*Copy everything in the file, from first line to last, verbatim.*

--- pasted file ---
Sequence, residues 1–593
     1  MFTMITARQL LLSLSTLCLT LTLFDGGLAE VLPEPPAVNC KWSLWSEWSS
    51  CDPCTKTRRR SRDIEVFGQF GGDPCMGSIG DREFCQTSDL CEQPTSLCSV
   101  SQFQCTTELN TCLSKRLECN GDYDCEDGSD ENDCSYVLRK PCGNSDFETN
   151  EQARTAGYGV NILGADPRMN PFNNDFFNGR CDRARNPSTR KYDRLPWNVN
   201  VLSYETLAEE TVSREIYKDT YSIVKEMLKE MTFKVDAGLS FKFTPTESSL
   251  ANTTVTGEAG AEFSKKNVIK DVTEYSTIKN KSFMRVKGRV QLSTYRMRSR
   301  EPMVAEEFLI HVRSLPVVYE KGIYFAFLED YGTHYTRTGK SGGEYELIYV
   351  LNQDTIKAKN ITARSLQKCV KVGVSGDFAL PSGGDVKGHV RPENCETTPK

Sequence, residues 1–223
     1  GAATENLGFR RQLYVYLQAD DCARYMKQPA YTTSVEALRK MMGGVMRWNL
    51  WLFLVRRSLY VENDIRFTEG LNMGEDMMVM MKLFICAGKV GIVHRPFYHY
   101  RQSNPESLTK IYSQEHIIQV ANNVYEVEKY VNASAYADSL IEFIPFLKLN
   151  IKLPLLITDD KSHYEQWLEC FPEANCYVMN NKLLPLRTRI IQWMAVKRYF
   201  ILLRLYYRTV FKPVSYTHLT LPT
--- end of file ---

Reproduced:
Sequence, residues 1–593
     1  MFTMITARQL LLSLSTLCLT LTLFDGGLAE VLPEPPAVNC KWSLWSEWSS
    51  CDPCTKTRRR SRDIEVFGQF GGDPCMGSIG DREFCQTSDL CEQPTSLCSV
   101  SQFQCTTELN TCLSKRLECN GDYDCEDGSD ENDCSYVLRK PCGNSDFETN
   151  EQARTAGYGV NILGADPRMN PFNNDFFNGR CDRARNPSTR KYDRLPWNVN
   201  VLSYETLAEE TVSREIYKDT YSIVKEMLKE MTFKVDAGLS FKFTPTESSL
   251  ANTTVTGEAG AEFSKKNVIK DVTEYSTIKN KSFMRVKGRV QLSTYRMRSR
   301  EPMVAEEFLI HVRSLPVVYE KGIYFAFLED YGTHYTRTGK SGGEYELIYV
   351  LNQDTIKAKN ITARSLQKCV KVGVSGDFAL PSGGDVKGHV RPENCETTPK

Sequence, residues 1–223
     1  GAATENLGFR RQLYVYLQAD DCARYMKQPA YTTSVEALRK MMGGVMRWNL
    51  WLFLVRRSLY VENDIRFTEG LNMGEDMMVM MKLFICAGKV GIVHRPFYHY
   101  RQSNPESLTK IYSQEHIIQV ANNVYEVEKY VNASAYADSL IEFIPFLKLN
   151  IKLPLLITDD KSHYEQWLEC FPEANCYVMN NKLLPLRTRI IQWMAVKRYF
   201  ILLRLYYRTV FKPVSYTHLT LPT